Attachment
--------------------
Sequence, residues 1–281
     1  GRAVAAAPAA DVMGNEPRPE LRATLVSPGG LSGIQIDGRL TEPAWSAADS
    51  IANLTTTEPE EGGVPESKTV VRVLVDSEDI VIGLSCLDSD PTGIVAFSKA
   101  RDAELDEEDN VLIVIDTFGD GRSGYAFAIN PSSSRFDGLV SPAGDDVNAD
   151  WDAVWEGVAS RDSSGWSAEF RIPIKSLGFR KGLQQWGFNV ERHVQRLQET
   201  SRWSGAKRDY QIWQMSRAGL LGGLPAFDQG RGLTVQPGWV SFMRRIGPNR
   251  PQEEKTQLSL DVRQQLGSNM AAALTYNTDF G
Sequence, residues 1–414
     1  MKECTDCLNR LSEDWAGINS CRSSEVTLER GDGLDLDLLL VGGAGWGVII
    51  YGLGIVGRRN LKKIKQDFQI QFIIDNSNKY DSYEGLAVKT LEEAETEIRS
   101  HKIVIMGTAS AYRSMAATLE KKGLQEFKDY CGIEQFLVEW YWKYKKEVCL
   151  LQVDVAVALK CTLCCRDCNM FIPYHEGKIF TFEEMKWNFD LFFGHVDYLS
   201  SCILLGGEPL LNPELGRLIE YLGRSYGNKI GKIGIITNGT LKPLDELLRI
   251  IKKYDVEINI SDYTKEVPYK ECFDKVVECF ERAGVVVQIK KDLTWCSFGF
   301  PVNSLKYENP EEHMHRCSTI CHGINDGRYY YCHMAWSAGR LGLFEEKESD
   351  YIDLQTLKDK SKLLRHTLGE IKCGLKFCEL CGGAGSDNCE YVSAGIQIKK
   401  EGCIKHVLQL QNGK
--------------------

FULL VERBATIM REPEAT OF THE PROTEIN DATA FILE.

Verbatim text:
Sequence, residues 1–281
     1  GRAVAAAPAA DVMGNEPRPE LRATLVSPGG LSGIQIDGRL TEPAWSAADS
    51  IANLTTTEPE EGGVPESKTV VRVLVDSEDI VIGLSCLDSD PTGIVAFSKA
   101  RDAELDEEDN VLIVIDTFGD GRSGYAFAIN PSSSRFDGLV SPAGDDVNAD
   151  WDAVWEGVAS RDSSGWSAEF RIPIKSLGFR KGLQQWGFNV ERHVQRLQET
   201  SRWSGAKRDY QIWQMSRAGL LGGLPAFDQG RGLTVQPGWV SFMRRIGPNR
   251  PQEEKTQLSL DVRQQLGSNM AAALTYNTDF G
Sequence, residues 1–414
     1  MKECTDCLNR LSEDWAGINS CRSSEVTLER GDGLDLDLLL VGGAGWGVII
    51  YGLGIVGRRN LKKIKQDFQI QFIIDNSNKY DSYEGLAVKT LEEAETEIRS
   101  HKIVIMGTAS AYRSMAATLE KKGLQEFKDY CGIEQFLVEW YWKYKKEVCL
   151  LQVDVAVALK CTLCCRDCNM FIPYHEGKIF TFEEMKWNFD LFFGHVDYLS
   201  SCILLGGEPL LNPELGRLIE YLGRSYGNKI GKIGIITNGT LKPLDELLRI
   251  IKKYDVEINI SDYTKEVPYK ECFDKVVECF ERAGVVVQIK KDLTWCSFGF
   301  PVNSLKYENP EEHMHRCSTI CHGINDGRYY YCHMAWSAGR LGLFEEKESD
   351  YIDLQTLKDK SKLLRHTLGE IKCGLKFCEL CGGAGSDNCE YVSAGIQIKK
   401  EGCIKHVLQL QNGK